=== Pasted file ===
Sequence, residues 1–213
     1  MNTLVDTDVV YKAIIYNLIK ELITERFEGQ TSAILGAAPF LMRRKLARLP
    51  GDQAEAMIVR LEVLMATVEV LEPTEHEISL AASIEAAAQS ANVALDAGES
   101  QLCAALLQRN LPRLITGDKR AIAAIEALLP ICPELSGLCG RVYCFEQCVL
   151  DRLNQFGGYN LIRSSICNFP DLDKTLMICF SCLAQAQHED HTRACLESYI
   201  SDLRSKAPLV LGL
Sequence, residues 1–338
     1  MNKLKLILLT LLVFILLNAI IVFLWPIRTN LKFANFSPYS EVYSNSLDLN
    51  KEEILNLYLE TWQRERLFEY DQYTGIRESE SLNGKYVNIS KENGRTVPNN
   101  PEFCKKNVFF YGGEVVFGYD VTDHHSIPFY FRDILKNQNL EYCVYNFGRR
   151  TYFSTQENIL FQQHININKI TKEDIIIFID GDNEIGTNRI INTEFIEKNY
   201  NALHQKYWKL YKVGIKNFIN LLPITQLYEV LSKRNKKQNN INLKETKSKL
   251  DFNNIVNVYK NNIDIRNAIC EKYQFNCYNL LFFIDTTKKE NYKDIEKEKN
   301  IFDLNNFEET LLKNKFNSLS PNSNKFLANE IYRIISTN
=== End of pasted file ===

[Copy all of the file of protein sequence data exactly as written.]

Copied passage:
Sequence, residues 1–213
     1  MNTLVDTDVV YKAIIYNLIK ELITERFEGQ TSAILGAAPF LMRRKLARLP
    51  GDQAEAMIVR LEVLMATVEV LEPTEHEISL AASIEAAAQS ANVALDAGES
   101  QLCAALLQRN LPRLITGDKR AIAAIEALLP ICPELSGLCG RVYCFEQCVL
   151  DRLNQFGGYN LIRSSICNFP DLDKTLMICF SCLAQAQHED HTRACLESYI
   201  SDLRSKAPLV LGL
Sequence, residues 1–338
     1  MNKLKLILLT LLVFILLNAI IVFLWPIRTN LKFANFSPYS EVYSNSLDLN
    51  KEEILNLYLE TWQRERLFEY DQYTGIRESE SLNGKYVNIS KENGRTVPNN
   101  PEFCKKNVFF YGGEVVFGYD VTDHHSIPFY FRDILKNQNL EYCVYNFGRR
   151  TYFSTQENIL FQQHININKI TKEDIIIFID GDNEIGTNRI INTEFIEKNY
   201  NALHQKYWKL YKVGIKNFIN LLPITQLYEV LSKRNKKQNN INLKETKSKL
   251  DFNNIVNVYK NNIDIRNAIC EKYQFNCYNL LFFIDTTKKE NYKDIEKEKN
   301  IFDLNNFEET LLKNKFNSLS PNSNKFLANE IYRIISTN